Milwaukee native Jayke Orvis reached a crossroads in 2007. While his band—the .357 String Band—was beginning to garner attention outside of Wisconsin, his personal life was crashing around him. He was going through a divorce, battling depression, and struggling with a growing list of bad habits. In order to save himself, he had to leave the town he loved.

“I knew all the wrong people,” Orvis says. “I was very, very self destructive. I really honestly feel that if I didn’t move to Pittsburgh, I would not be here anymore.”

Eight years later, Orvis still calls Pittsburgh home, but a big part of the lightning-fast mandolin picker’s heart belongs to the city where he grew up.

“It’s my hometown. I love it there,” Orvis says. And he’s looking forward to visiting on Sunday, November 2, when the Minimum Overdrive Tour featuring Orvis, Austin Lucas, Jon Snodgrass, and Northcote hits Orvis’ favorite Milwaukee venue, Linneman’s Riverwest Inn. “For this awesome tour to end in what I consider an awesome place with a lot of friends, it’s going to really feel good.”

Going solo
Concertgoers will be treated to a unique performance when the innovative roots musician returns: a solo set. When Orvis’ band—Jayke Orvis & The Broken Band—played their final show together in August, Orvis decided to take some time off. But an invite from Lucas to join the Minimum Overdrive Tour was too good to pass up.

“I was a little nervous, especially since I was used to always having a band,” Orvis says. “These guys are like singer-songwriter types, and I am not. I’m not even close. At least I don’t feel like I am. Maybe band leader at best. So, I was pretty terrified. But it’s been going off really well. It’s been working, and we’re getting along fucking awesome. I’m really glad that I’m doing this.”

Although the musicians start their sets alone, the other members of the tour typically join each other on stage over the course of the night. Orvis, who spends about half of his set on mandolin and half on guitar, said the change of pace has been a blast. “I get to do a lot of songs I never really got to play with the band, which I like,” he says.

He’s also had to re-work some of The Broken Band’s classics, which commonly featured intricate exchanges between the guitar, fiddle and mandolin. “I’ve had to rearrange a couple things here and there,” Orvis says. “I’ve still got a lot of energy up there, so you still get the effect.”

Punk roots
Energy has never been an issue for Orvis, who grew up listening to metal before becoming a fixture in Milwaukee’s punk scene in the late ’90s and early 2000s. The heavily tattooed Orvis sported a big green Mohawk while playing guitar with Milwaukee punk bands Penalty Box and Schwill Rotten. “It was crazy,” Orvis says of the scene at the time. “It was really fun though.”

And at the center of the craziness was “The Booth House,” a duplex on Booth Street in Riverwest where Orvis and a hoard of other punks lived. A separate cottage house behind the duplex housed even more people.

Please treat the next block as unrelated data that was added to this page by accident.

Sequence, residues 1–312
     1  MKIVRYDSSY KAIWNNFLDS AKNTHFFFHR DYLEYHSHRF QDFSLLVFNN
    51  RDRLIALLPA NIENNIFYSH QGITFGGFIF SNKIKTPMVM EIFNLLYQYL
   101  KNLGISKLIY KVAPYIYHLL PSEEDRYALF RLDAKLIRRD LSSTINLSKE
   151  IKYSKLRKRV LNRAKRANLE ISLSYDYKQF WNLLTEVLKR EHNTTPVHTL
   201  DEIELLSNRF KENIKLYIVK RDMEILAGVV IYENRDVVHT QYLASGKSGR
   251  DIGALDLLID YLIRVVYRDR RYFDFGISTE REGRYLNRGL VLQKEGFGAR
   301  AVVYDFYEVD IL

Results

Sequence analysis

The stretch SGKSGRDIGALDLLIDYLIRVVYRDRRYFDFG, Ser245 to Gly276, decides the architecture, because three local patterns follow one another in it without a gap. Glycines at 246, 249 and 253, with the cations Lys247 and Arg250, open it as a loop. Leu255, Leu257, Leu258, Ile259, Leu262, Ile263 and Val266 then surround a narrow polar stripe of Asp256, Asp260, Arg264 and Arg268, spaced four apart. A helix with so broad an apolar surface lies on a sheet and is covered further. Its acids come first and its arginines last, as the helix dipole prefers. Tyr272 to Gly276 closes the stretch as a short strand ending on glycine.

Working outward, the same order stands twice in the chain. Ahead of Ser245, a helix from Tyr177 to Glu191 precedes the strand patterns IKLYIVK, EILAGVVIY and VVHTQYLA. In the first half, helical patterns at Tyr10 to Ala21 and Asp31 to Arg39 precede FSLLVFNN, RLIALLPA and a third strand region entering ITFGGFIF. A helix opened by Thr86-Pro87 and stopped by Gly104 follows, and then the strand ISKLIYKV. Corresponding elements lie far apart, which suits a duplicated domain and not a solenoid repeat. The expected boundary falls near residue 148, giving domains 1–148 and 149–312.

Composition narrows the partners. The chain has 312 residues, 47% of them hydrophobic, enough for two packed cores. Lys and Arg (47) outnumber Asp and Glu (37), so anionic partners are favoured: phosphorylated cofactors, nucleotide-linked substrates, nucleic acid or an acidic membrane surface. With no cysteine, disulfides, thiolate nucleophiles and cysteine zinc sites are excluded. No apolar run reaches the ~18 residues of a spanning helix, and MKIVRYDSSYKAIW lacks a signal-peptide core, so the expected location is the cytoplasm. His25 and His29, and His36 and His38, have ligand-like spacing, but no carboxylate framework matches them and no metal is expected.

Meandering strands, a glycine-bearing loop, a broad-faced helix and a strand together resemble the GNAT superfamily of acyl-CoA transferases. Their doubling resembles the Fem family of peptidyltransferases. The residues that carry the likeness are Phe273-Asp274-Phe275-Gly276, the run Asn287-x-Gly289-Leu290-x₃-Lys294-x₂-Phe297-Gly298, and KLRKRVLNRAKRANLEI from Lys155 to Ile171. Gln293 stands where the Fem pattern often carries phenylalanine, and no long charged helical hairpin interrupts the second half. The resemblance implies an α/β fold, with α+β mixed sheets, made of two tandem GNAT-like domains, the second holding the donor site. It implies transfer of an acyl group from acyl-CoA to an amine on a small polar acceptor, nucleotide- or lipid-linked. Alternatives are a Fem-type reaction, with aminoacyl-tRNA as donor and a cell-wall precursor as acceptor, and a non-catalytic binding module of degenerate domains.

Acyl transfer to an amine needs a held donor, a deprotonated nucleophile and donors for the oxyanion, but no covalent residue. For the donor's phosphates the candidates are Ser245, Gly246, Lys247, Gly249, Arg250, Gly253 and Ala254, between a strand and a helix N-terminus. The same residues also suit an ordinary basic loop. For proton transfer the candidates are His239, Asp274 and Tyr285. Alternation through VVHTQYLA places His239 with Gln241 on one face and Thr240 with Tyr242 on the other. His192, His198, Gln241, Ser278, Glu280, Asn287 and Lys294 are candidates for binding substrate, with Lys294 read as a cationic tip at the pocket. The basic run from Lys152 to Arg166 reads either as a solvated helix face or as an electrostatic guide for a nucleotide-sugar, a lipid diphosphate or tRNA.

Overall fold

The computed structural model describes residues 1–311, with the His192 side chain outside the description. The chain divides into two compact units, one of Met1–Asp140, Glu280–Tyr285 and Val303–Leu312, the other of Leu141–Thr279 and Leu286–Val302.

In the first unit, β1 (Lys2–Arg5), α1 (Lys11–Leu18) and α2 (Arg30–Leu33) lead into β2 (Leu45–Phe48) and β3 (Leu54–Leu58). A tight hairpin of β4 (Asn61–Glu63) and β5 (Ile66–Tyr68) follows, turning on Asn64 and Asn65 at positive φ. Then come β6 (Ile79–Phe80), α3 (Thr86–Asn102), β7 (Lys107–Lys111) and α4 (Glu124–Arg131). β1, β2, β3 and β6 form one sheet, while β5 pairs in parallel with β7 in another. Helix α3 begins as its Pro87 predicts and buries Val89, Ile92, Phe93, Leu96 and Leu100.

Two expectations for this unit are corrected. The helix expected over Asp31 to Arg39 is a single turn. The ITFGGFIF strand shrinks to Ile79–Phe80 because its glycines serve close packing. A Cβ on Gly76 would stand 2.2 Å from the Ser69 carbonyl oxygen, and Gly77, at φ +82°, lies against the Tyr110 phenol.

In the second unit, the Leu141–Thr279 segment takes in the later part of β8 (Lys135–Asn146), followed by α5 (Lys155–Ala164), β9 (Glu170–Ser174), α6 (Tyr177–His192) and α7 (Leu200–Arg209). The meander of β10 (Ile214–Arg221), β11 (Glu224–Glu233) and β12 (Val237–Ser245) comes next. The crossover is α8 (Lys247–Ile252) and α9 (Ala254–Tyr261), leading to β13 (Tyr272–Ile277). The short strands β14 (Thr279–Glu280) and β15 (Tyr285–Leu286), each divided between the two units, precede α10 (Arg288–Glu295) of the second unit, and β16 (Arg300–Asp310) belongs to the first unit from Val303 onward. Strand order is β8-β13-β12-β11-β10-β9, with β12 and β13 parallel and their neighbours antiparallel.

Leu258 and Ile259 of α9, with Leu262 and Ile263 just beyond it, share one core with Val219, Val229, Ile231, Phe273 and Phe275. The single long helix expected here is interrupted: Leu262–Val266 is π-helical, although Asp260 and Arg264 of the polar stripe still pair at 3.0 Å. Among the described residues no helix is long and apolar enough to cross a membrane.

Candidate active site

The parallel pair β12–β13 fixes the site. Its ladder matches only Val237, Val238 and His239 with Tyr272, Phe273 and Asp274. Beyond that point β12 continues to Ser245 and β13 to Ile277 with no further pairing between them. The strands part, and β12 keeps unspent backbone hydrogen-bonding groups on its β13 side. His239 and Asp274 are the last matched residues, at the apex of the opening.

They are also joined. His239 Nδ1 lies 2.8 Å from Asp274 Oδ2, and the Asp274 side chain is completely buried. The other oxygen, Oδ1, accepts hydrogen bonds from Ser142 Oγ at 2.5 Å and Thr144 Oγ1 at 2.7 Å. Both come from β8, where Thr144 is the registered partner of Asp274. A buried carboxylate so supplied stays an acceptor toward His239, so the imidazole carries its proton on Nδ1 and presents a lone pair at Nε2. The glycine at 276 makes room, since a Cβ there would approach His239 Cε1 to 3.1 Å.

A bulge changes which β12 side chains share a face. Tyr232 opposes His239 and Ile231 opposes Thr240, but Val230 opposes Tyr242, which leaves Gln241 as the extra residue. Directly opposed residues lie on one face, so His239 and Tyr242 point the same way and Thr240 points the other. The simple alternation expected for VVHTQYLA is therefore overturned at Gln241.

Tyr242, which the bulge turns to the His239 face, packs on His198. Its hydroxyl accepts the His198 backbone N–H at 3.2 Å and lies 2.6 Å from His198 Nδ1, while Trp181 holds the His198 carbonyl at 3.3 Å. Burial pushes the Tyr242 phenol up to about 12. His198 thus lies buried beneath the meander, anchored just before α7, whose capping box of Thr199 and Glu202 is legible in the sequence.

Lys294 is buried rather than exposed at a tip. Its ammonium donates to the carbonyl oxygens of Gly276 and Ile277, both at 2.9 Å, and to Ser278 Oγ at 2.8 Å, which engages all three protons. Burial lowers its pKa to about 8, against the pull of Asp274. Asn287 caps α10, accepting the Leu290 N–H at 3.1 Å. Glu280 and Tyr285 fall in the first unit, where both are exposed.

“We had punks living downstairs, punks living upstairs, punks in the back,” Orvis says. “We had two killer basements. We put shows on constantly. There were always like 30 people at the compound for years. Pretty much every night, if we weren’t having a show, we were hanging down at Quarters or Mad Planet. It was a really good time. Also, I don’t remember a lot of it.”

While playing in Oshkosh with Penalty Box in 2000, Orvis met a 17-year-old from New London who would cross paths with him again down the road.

“After seeing his band play with their big Mohawks and raunchy punk rock—something I as a small-town kid thought was the coolest thing ever—I couldn’t help but think he was a fairly tough dude, and I immediately wanted to be able to hang with him and his buds,” Joseph Huber says.

Huber, who also met Derek Dunn, of The Expletives, that night, would go on to form the .357 String Band with Orvis and Dunn four years later.

Turning to streetgrass
Orvis eventually had to move out of the Booth House when he had a son, got married, and started working full time to support his family.

“It’s hard being a young parent as it is,” Orvis says. “That scene wasn’t very conducive to that lifestyle, so eventually I just had to start kind of tapering down. I was never very good at settling down. I always had that itch to just keep going and playing. I guess the best thing I could’ve done was start playing bluegrass.”

As odd as that sounds, that’s exactly what Orvis did in 2004. He had been messing around with a mandolin and knew that Huber, who had moved to Milwaukee in 2001, played banjo. Combined with Dunn on guitar, the trio became the founding members of the .357 String Band. Upright bassist Rick Ness completed the lineup a few months later. The band members drew from punk, bluegrass and country influences to create a unique style they dubbed “streetgrass.”

Huber and Orvis quickly refined the fast-picking styles they’re known for today. Orvis’ aggressive mandolin sound, in particular, stood out.